Long burial tradition

The current site — located in the little village of Lavau, France, just a few hours’ drive south of Paris — served as an ancient burial place for centuries. In 1300 B.C., the ancient inhabitants left burial mounds with bodies and the cremated remains of people, archaeologists have found. Another burial at the site, dating to about 800 B.C., holds the body of an ancient warrior bearing a sword, along with a woman bedecked in solid-bronze bracelets.

The current tomb was part of a set of four burial mounds that were grouped together, dating to about 500 B.C., though the tomb itself is likely younger than the rest of the burials. People continued to use the ancient cemetery during the Roman period, when some of the graves were emptied and replaced by newer graves.

Archaeologists excavated a bronze cauldron, measuring about 3.3 feet (1 meter) across, that they found in the princely tomb in Lavau. (Photo credit: Copyright Denis Gliksman/Inrap)

Archaeologists excavated a bronze cauldron, measuring about 3.3 feet (1 meter) across, that they found in the princely tomb in Lavau. (Photo credit: Copyright Denis Gliksman/Inrap)

a close-up view of the head of a feline adorning the opening of the bronze cauldron found in the princely grave within the funerary complex in Lavau. (Photo credit: Copyright Denis Gliksman/Inrap)

a close-up view of the head of a feline adorning the opening of the bronze cauldron found in the princely grave within the funerary complex in Lavau. (Photo credit: Copyright Denis Gliksman/Inrap)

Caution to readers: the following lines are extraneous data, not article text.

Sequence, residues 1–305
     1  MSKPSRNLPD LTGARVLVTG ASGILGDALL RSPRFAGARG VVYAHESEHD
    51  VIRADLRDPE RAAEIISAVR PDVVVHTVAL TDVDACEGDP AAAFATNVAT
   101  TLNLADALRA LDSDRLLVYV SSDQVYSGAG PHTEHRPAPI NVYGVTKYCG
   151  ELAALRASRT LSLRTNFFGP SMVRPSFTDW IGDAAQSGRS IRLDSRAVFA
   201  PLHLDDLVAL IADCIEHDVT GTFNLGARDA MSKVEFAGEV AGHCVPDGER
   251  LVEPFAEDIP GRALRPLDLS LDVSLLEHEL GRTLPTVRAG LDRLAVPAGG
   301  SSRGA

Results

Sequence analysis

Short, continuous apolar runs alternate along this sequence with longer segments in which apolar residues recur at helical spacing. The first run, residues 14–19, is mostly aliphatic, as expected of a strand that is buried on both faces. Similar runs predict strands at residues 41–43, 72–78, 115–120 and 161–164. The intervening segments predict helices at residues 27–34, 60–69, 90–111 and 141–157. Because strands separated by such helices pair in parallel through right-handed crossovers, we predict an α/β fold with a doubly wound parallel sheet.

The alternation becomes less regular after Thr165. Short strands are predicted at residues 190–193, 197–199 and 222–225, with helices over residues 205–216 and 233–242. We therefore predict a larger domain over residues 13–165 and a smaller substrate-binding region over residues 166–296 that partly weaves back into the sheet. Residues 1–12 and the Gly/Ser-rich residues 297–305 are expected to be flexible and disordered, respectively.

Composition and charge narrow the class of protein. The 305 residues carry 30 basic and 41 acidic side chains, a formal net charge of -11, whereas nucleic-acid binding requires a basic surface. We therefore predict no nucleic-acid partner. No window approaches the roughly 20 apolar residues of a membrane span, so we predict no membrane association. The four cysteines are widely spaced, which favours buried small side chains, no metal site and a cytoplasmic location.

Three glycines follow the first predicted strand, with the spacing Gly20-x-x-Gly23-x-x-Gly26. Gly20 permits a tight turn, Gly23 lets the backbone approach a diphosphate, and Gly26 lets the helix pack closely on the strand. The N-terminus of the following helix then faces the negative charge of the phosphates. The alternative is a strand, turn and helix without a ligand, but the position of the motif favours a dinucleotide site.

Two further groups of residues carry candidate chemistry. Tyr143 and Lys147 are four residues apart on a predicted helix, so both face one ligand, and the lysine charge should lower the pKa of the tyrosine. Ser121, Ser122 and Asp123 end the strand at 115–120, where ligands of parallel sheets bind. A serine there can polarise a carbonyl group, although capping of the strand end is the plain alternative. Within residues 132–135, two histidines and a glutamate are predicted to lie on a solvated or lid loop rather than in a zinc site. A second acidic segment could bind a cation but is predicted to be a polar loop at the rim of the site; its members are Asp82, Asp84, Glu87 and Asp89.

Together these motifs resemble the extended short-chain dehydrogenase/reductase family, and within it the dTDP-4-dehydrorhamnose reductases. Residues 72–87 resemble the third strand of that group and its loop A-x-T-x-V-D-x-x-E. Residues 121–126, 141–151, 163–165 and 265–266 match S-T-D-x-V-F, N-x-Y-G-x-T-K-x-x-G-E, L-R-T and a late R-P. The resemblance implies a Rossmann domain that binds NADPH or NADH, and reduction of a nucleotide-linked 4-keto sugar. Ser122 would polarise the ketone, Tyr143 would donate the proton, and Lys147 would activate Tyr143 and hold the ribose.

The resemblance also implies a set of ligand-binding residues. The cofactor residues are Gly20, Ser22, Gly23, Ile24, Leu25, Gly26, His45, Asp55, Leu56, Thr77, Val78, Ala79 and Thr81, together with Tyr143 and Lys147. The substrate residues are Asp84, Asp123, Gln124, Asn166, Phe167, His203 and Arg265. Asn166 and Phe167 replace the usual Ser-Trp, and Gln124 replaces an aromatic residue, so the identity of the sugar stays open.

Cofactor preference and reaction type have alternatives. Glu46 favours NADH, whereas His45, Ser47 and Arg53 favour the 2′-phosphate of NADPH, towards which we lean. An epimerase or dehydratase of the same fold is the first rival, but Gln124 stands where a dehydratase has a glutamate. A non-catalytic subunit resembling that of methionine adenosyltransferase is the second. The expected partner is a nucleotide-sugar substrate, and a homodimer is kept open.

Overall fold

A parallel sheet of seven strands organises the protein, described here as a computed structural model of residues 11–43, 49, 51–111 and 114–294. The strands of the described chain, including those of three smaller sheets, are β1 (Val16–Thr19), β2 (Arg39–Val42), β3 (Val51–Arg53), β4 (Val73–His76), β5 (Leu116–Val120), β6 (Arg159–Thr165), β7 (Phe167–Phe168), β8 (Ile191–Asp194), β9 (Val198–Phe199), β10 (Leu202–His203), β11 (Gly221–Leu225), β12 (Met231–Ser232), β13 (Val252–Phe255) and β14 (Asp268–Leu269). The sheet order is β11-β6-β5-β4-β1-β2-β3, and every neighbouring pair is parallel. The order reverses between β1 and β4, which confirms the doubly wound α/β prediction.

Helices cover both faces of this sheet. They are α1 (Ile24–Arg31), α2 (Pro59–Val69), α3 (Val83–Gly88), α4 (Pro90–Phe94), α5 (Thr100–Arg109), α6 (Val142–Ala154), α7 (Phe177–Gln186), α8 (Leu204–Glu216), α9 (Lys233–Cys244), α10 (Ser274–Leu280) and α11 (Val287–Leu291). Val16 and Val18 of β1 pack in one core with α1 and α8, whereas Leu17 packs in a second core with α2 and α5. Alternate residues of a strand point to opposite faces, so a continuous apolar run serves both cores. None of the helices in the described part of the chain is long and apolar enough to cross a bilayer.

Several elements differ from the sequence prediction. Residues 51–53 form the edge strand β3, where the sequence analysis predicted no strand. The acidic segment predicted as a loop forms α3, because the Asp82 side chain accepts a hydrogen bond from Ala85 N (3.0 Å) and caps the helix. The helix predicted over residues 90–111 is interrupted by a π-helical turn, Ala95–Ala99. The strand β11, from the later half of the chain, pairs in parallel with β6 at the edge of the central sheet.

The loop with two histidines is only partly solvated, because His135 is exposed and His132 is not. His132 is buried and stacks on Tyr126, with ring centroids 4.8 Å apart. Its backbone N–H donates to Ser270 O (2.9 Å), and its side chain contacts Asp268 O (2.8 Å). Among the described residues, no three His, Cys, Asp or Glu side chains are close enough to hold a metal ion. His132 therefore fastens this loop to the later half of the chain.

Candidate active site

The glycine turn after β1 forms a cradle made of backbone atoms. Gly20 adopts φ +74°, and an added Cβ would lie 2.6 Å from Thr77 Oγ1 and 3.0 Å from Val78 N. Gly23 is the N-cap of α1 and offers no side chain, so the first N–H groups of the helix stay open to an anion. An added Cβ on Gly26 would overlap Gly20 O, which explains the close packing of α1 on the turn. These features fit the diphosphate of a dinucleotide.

The newly discovered funeral chamber was found in a giant mound about 130 feet (40 meters) wide — one of the largest found from that time period. Inside lies the body of an ancient prince in his chariot. In a corner of the tomb, someone had placed several basins; a bronze bucket; a fluted piece of pottery; and a large, sheathed knife.

The most striking find was a stunning bronze cauldron, about 3.3 feet (1 m) in diameter, that may have been made by the Greeks or the Etruscans.

The giant jug has four handles, with images of the Greek god Achelous, a Greek river deity. In this depiction, Achelous is shown with horns and bulls’ ears, as well as a beard and three moustaches. The stunningly worked cauldron also depicts eight lion heads, and the interior contains an image of the Greek god Dionysus, the god of winemaking, lying under a vine and looking at a woman.

Inside the bronze cauldron from within the princely tomb, scientists found a decorated Greek wine jug. A black-figure decoration on the jug shows Dionysus lying under a vine facing a female, possibly a banquet scene, which is common in Greek iconography, the researchers said. (Photo credit: Copyright Denis Gliksman/Inrap)

Inside the bronze cauldron from within the princely tomb, scientists found a decorated Greek wine jug. A black-figure decoration on the jug shows Dionysus lying under a vine facing a female, possibly a banquet scene, which is common in Greek iconography, the researchers said. (Photo credit: Copyright Denis Gliksman/Inrap)

“This appears to be a banquet scene, a recurrent theme in Greek iconography,” researchers from INRAP, which is overseeing the excavations at the site, said in a statement.